hurricane-season_980x551In my four years of living in Florida, I was very fortunate in that there were no hurricanes formed during my time there, but with the category 4 storm now passing through Florida, I have been reflecting on the time during my first summer there when I experienced my first tropical storm. I believe it was in late August, the year was 2012, and I was living in Fort Pierce, Florida, a small relatively small town just south of Vero Beach on Florida’s east coast. At the time, I was working as a delivery driver for Marco’s Pizza, which provided me with some good stories that I will share another time. In the week leading up to the storm, a hurricane was headed our way, and having never been subjected to something like that before, I was understandably panicked. All week at work people made fun of me as I asked them a barrage of questions about such natural disasters, such as, how one many people die in hurricanes, and how one might go about not dying in hurricanes. As the storm neared the coast, it was downgraded to a Tropical Storm, and I was relieved, if only for a moment.

I had the day off work, but my wife, who was my girlfriend at the time, did not, because she worked at a school and it was a week day. I woke up the day of, feeling incredibly nervous, afraid and unsure of what the day would hold. I secretly hoped the county would close the schools so Leticia could stay home, which in retrospect would have meant the storm would have gained strength and would have been much worse for everyone involved. I sat in the living room glued to the TV, watching the local news channel’s non-stop coverage of Tropical Storm SomethingorOther, and as it got closer to Fort Pierce, the fact that it wasn’t actually a hurricane wasn’t doing much in the way of easing my nerves. The sky had been dark all morning, but suddenly the rain started, pounding against the walls and windows, and then finally the news I had been dreading appeared on the TV screen; tornadoes were forming from the storm and people who were on the roads and those in mobile homes needed to seek shelter, which wouldn’t have been too big of a deal had I not been living in a mobile home at the time.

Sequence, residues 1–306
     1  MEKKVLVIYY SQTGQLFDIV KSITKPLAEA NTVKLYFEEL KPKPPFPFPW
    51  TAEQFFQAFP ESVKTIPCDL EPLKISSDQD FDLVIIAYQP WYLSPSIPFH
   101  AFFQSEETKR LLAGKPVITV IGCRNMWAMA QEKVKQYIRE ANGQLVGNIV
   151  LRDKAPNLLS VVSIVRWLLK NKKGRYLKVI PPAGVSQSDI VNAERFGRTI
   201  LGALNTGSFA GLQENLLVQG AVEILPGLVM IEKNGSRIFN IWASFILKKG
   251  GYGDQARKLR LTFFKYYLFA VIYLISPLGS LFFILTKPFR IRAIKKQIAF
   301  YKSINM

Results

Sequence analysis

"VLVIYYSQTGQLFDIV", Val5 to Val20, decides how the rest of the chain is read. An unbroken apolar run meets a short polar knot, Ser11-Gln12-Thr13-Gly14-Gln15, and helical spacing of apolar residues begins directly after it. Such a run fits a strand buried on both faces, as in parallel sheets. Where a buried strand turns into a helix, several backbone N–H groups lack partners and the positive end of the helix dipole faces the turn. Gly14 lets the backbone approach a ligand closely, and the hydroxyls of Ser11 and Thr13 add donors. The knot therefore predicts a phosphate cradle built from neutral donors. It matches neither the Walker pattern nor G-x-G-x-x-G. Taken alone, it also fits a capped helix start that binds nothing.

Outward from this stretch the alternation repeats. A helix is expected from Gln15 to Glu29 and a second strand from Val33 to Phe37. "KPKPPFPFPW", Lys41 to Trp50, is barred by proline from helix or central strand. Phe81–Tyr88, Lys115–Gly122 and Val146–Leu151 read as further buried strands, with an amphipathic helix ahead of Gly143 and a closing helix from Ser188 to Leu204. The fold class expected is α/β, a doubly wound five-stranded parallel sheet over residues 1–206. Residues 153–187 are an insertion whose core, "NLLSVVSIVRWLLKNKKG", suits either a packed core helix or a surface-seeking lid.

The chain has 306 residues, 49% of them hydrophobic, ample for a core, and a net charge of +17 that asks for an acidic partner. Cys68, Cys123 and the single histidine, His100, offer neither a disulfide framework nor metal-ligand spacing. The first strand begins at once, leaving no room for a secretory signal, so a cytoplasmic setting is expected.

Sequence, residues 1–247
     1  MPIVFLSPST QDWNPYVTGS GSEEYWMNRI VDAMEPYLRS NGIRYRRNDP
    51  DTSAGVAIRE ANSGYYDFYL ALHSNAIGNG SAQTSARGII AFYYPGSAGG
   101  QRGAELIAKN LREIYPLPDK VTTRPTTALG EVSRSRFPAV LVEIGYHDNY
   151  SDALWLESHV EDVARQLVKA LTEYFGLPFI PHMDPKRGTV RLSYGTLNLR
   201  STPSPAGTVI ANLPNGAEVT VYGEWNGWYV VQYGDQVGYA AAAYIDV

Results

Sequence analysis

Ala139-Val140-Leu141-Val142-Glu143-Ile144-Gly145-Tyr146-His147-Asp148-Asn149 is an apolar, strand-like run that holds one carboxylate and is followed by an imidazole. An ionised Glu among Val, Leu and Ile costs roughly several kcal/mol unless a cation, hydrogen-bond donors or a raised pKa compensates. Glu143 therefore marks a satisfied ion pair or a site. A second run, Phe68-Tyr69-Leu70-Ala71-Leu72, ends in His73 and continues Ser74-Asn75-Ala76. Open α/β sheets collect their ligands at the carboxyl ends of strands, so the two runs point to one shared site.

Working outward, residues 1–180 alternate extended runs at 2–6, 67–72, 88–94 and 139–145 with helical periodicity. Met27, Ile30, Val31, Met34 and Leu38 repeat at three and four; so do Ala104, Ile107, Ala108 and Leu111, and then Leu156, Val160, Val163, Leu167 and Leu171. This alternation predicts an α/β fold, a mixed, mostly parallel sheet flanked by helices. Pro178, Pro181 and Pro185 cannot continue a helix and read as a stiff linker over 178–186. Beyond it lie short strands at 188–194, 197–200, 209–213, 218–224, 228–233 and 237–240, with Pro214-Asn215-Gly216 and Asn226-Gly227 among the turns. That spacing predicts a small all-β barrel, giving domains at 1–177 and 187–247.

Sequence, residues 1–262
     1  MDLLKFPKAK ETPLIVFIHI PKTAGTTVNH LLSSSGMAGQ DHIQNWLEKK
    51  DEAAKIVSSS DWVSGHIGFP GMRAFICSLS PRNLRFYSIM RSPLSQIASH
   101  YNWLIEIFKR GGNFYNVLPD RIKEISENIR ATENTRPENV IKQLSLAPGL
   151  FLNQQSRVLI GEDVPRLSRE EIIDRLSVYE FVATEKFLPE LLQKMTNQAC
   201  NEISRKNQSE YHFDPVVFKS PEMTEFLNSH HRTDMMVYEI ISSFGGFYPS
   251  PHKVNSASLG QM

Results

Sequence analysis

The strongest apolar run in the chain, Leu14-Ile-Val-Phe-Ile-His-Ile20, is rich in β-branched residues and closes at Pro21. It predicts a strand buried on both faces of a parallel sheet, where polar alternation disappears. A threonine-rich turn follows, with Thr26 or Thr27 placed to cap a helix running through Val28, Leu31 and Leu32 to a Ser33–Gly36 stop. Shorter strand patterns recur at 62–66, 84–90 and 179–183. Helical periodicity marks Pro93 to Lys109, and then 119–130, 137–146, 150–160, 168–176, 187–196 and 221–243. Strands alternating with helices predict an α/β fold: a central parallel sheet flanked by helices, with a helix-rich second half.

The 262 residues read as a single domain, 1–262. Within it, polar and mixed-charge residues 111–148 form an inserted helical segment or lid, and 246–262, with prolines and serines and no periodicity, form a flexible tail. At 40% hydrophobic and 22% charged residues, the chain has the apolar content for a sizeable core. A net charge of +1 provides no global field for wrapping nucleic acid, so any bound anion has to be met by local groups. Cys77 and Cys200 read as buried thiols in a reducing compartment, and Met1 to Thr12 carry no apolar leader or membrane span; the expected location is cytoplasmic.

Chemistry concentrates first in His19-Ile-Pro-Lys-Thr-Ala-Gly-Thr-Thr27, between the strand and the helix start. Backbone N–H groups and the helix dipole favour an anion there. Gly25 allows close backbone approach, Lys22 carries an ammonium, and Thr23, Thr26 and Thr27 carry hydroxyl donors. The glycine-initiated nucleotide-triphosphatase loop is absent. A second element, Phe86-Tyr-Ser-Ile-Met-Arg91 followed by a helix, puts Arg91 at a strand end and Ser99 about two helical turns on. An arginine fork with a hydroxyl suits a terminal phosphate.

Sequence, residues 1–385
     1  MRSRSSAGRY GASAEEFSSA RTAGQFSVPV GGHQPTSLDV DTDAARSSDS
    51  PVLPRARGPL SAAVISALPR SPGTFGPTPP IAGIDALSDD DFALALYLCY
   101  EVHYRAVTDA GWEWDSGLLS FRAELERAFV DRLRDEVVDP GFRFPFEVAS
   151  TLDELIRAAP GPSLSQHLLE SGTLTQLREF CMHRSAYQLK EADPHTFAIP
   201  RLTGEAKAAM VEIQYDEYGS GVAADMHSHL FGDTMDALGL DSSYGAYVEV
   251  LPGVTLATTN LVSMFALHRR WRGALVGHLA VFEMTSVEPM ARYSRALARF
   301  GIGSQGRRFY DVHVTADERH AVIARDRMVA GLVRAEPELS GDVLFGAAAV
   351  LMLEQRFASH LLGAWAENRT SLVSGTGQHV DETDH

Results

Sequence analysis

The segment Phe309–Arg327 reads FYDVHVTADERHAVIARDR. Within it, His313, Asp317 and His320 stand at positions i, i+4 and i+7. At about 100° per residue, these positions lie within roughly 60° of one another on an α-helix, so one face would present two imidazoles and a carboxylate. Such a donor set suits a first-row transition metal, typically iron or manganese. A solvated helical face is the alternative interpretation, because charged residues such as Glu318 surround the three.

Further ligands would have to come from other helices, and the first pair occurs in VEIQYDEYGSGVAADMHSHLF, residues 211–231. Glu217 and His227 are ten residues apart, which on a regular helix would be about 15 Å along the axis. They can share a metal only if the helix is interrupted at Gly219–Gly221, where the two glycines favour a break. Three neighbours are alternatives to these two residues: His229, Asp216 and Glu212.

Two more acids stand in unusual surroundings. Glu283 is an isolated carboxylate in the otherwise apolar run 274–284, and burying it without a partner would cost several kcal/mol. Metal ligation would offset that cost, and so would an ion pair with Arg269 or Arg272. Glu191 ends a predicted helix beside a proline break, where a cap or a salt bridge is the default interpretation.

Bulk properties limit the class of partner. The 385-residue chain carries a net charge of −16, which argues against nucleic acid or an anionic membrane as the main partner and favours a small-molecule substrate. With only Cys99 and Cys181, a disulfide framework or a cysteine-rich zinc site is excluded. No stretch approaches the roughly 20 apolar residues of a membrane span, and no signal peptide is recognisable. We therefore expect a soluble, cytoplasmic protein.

The panic really hit me then, as I had nowhere to go. I had to ride out the storm in the mobile home with paper thin walls, either that or get obliterated my a tornado. Leticia was texting me, telling me that she was okay and everyone in the school was in the hallways preparing to put into action the tornado pose, which consists of crouching down on your knees against the wall with your head down and covered by your hands, a pose that seemingly looks like you are surrendering to the storm, but an effective one nonetheless. I did my own version of the pose, lying facedown on the couch, in a room filled with windows, because all of the rooms had windows, and thought about dying, hoping it wouldn’t be too painful. The storm passed and no damage was caused to me or the mobile home, and I was filled with relief having survived my first tropical storm. I hope that everyone in Florida, riding out the hurricane can come away from their storm feeling the same way I did. My thoughts are with you.

Orange Beach to Orlando

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My wife and I left Orange Beach at five in the morning, eager to get our day of travel out of the way so we could relax at our next honeymoon destination for the next week. The first week of our honeymoon on the gulf coast of Alabama was fantastic, but when the day comes for us to leave, neither my new bride or myself like to stick around and waste the day, which is why we found ourselves on the road so early. It was a good plan, but unfortunately we didn’t plan as well the night before and didn’t end up going to bed until well after midnight, so needless to say, we were both pretty tired when we got up, bleary eyed, to hit the road a few hours later. Luckily for my wife, at that time in our relationship I didn’t really trust her to drive since my mom sent me to a defensive driving class when I was fifteen where I was shown pictures and videos of why other drivers cannot be trusted, images that still haunt me to this day, so she could sleep peacefully in the passenger seat while I manned the wheel and tried to figure out where in the world I was going. I finally found the interstate about the time it started to get light outside which meant it took me a lot longer to find than it should have, almost two hours of wasted time mindlessly circling Pensacola as the directions on my iPhone sent me contradicting directions as I got sleepier and sleepier.